A disaster recovery plan can include an exhaustive set of actionable guidelines for all employees responding to a disaster situation that may impact corporate IT networks and systems. The Disaster Recovery Planning (DRP) document is your roadmap to implementation—as such, you should update it regularly and store it a safe, accessible storage location in event of emergency. (If it’s in the cloud, but your internet is down, how can you access it?)
You can follow a Disaster Recovery Planning document template given below to ensure that your workforce can easily understand and adopt the systematic actionable guidelines to protect against disasters:
Step 1: Define goals
Identify your business goals. Associate a business value to your services, systems, departments and organizational functions, and how IT availability impacts various business operations.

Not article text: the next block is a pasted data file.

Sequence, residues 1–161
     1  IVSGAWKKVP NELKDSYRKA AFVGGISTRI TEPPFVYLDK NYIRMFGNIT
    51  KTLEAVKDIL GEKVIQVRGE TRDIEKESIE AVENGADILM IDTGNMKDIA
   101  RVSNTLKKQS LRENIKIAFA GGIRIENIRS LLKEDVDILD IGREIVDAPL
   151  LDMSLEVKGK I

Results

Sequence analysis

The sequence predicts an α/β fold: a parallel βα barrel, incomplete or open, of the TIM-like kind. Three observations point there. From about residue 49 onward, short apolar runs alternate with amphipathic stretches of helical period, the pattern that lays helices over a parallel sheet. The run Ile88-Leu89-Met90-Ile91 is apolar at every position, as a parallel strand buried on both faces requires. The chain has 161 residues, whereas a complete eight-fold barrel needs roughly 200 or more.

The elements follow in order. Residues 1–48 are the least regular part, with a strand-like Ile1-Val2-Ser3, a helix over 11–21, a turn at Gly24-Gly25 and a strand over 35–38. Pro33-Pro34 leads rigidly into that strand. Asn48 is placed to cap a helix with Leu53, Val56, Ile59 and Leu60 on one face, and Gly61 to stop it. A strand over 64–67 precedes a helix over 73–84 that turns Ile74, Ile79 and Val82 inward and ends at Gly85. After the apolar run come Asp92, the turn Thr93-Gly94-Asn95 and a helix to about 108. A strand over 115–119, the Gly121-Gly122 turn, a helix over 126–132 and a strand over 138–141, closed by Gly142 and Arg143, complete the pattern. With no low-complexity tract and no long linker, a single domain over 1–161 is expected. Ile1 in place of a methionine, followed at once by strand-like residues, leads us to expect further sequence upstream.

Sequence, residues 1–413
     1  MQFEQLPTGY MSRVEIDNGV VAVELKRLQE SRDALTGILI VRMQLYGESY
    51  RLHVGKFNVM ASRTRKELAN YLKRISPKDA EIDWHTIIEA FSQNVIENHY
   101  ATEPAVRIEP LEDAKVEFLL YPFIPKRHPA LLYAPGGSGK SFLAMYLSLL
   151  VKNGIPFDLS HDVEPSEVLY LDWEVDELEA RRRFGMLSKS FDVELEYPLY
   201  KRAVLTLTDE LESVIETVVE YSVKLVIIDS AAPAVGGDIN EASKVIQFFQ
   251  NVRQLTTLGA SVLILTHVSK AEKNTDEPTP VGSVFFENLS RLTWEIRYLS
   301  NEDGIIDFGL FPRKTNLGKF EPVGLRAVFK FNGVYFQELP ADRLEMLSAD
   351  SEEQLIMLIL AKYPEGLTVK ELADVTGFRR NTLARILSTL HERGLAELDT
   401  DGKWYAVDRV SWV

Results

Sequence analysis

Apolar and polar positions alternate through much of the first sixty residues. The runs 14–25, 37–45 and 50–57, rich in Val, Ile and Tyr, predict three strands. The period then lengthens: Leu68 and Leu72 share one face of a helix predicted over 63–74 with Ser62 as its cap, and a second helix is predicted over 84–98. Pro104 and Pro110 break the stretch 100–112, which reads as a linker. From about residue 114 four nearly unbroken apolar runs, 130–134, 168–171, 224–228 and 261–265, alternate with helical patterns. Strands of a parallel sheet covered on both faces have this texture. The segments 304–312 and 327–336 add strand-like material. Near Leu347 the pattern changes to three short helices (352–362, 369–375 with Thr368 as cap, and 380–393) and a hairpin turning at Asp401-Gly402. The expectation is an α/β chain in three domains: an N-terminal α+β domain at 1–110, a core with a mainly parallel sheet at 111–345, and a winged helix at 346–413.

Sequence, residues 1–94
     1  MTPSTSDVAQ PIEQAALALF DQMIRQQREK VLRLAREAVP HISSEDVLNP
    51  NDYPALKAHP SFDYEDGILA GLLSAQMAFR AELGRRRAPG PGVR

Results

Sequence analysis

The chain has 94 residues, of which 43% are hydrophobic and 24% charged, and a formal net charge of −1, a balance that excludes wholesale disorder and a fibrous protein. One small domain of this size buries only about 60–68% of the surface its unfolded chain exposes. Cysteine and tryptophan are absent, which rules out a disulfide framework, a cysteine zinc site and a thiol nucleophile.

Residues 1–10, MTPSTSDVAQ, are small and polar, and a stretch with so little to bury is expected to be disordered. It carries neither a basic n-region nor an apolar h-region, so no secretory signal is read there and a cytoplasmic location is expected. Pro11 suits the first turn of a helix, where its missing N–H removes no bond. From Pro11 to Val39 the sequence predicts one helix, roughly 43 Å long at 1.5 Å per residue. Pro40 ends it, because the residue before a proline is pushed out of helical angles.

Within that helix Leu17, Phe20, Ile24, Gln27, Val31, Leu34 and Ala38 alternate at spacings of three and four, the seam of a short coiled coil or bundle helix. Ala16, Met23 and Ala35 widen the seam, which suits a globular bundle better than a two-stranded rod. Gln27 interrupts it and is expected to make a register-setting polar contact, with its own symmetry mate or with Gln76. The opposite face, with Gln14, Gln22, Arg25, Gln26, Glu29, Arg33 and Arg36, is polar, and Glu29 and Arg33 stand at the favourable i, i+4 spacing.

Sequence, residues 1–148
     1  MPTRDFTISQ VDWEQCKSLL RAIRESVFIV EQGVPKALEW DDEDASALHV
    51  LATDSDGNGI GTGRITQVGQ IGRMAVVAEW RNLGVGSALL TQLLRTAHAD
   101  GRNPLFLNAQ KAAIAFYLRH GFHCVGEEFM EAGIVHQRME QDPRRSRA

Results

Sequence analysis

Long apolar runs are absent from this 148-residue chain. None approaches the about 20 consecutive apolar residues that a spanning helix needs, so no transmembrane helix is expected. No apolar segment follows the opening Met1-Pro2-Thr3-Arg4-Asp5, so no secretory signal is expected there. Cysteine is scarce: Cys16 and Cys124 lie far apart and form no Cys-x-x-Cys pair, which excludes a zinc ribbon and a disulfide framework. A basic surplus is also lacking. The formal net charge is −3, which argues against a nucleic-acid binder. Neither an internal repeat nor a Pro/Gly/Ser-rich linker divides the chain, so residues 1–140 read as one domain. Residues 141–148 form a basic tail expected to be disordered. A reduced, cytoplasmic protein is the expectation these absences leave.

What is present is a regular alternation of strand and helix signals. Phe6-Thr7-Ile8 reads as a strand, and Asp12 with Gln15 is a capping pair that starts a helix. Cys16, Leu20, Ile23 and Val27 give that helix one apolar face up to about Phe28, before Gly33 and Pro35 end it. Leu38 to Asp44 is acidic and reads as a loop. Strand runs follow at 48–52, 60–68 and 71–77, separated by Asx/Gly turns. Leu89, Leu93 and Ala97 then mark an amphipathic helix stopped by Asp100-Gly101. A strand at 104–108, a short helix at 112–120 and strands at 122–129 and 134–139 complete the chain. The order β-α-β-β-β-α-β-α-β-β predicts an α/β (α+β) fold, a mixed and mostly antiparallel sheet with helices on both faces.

Step 2: Define responsibilities
Who is in charge of what? Develop an organizational chart and define the responsibility of each individual involved in executing a DR plan.
Step 3: Prioritize application assets
Identify critical applications and assets. Focus your DR efforts in order of priority based on business value, user impact, legal requirements, ease of recovery, and other applicable factors.
Step 4: Describe asset details
Maintain an exhaustive directory providing details on every asset including vendor details, models and serial number, cost, number, and other relevant details.
Step 5: Define backup plan
Describe the frequency and schedule of backups. Different libraries and directory objects may be processed for backup at different schedules and volumes based on data storage and transfer cost, speed, business, and legal value.